Utah's front seven ready for Colorado's power-running game
STRATEGY AND PERSONNEL/GAME BREAKDOWN
Scouting the rush defense: What makes Utah’s defense one of, if not, the best in the country? While there are a multitude of reasons of what makes the Utes so dangerous, it all starts with their run defense.
“We are just going to take care of ourselves as we continue to do our job winning games and dominating,” linebacker Francis Bernard said. “We’ll just leave it at that. … Because we can’t do anything but continue to do our thing and win.”
Possessing the country’s top rush defense by surrendering just 55.91 yards per game and 2.29 yards per carry, Utah has the ability to make teams one dimensional, which plays into the hands of its talented secondary.
But what truly sets the Utes apart is their ability to contain the run without having to load the box or bring extra pressure.
The defensive line is aided by two future NFL stars in Leki Fotu and Bradlee Anae.
Fotu is a space-eater inside, checking in at 6-foot-5 and weighing 335 pounds. He has the ability to just devour single blocks, as he’s often light enough on is feet with great technique to go around offensive linemen. Or if need be, he just powers through them and overwhelms opposing quarterbacks and running backs, often blowing up the play before it begins.
But because of Fotu’s strengths, he’s often double-teamed, freeing up one-on-one blocking for Anae. He leads the Utes in tackles for loss (12.5) and sacks (11), while having been named Pac-12 defensive lineman twice this season, including last week. Also receiving that honor this season with Anae is Fotu, John Pensini and Mike Tafua.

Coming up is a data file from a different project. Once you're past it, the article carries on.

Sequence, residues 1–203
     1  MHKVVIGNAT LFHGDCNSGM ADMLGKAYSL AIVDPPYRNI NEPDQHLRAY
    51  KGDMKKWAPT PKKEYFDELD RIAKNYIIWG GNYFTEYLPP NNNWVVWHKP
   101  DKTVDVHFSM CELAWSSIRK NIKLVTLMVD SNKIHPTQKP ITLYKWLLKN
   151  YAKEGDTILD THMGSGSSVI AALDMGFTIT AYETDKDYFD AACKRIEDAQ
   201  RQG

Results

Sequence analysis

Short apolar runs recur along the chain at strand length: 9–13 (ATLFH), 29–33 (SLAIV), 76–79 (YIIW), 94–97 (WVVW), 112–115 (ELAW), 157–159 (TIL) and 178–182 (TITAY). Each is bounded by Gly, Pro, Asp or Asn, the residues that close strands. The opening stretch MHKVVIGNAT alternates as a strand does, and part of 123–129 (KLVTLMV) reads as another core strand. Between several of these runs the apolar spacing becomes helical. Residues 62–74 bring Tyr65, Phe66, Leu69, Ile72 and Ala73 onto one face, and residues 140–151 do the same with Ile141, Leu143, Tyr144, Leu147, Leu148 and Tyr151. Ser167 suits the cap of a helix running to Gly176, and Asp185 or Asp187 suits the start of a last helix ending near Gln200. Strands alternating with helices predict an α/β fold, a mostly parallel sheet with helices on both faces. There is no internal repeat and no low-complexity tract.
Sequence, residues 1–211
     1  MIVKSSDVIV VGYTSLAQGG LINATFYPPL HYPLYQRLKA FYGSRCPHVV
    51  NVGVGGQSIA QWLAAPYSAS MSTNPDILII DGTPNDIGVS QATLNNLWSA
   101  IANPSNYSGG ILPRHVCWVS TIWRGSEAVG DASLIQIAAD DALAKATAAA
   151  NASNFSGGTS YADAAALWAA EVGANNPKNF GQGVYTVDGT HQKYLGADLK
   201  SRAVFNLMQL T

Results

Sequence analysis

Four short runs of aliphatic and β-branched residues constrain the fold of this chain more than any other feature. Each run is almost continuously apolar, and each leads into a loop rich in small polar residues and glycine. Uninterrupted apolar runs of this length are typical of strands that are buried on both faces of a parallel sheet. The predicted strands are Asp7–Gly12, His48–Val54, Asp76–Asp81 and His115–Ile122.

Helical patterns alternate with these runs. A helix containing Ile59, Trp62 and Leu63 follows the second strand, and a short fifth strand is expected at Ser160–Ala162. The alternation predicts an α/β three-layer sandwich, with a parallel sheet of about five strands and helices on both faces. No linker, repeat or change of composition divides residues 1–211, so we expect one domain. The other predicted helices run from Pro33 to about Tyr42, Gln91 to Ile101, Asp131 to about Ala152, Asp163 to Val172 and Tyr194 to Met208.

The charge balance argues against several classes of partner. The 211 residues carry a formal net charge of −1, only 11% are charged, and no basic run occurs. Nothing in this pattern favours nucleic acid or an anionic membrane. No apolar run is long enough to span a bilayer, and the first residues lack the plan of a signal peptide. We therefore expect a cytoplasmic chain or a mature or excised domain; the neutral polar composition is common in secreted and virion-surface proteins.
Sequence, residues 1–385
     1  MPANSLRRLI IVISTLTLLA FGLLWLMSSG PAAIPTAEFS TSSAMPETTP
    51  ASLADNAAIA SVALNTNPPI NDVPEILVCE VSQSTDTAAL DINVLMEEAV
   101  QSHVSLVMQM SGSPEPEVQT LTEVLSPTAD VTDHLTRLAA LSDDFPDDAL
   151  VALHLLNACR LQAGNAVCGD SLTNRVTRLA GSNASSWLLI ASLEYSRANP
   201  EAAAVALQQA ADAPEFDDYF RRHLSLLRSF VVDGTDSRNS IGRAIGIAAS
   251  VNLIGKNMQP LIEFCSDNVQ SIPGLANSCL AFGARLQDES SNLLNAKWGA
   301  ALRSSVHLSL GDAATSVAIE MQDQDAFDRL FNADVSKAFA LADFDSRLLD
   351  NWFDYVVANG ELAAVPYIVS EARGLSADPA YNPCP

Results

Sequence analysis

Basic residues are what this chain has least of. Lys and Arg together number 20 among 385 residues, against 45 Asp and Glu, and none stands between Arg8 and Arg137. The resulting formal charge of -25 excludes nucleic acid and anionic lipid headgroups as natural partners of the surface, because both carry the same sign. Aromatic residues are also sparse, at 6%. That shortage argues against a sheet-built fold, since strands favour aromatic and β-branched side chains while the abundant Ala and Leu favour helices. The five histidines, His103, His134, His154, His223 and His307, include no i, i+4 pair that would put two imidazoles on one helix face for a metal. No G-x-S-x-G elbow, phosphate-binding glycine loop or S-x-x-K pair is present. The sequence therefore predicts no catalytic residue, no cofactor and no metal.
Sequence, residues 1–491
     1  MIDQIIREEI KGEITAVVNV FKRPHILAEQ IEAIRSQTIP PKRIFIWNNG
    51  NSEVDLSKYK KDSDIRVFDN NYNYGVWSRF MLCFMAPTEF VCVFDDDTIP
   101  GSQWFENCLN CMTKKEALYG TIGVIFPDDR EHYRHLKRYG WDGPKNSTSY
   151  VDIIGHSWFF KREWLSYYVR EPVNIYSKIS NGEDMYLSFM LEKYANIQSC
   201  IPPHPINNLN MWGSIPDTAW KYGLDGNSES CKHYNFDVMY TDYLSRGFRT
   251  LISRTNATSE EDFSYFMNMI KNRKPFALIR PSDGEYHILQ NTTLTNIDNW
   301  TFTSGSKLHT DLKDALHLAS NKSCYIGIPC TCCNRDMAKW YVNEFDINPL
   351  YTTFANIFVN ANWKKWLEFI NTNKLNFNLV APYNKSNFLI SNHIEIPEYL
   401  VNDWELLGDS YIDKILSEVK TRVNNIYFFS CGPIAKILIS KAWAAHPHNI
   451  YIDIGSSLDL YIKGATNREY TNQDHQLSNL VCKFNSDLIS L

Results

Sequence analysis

Linebackers Bernard and Devin Lloyd anchor the middle of the defense, showcasing surprising blends of speed, athleticism and strength. Combined they have amassed 136 tackles on the season, and when seeing run, plays downhill and physical, often flying free to the ball because of the occupation of space Fotu and crew eat up.
But, this week they’ll be facing something they haven’t seen in a while: a power running game with a quarterback and running back who do just enough to keep drives alive.
"That's where it all starts for us on defense is taking away the run. ... We have a team that does a pretty good job of running the ball this week, they run for over 150 yards a game," said Kyle Whittingham, Utah head coach. "Their tailback has been pretty productive. ... He is fourth or fifth in the league in rushing. So rush defense has to be our M.O. That doesn't change week-to-week."
Buffaloes running back Alex Fontenot leads the team with 825 yards and five scores on the season, averaging just 4.8 yards per rush. A bruising running back at 6-foot, 195 pounds, Fontenot has no problem lowering his shoulder and just getting small chunks.
Backing up Fontenot is Jaren Mangham, who’s two inches taller and 20 pounds heavier than Fontenot. Mangham has rushed for 441 yards and three scores. Montex is a threat running the ball as well, totaling 174 yards and three scores — while the wildcard of the group is Laviska Shenault Jr., the Buffaloes best offensive player who averages 7.6 yards per touch in the backfield.
This matchup clearly favors the Utes, but if Colorado can repeatedly gain 3-4 yards per carry, and do so often, it sets up the play-action pass, and that could be trouble for Utah. But still, nobody has had success this season against the Utes, and not expected that Colorado will either.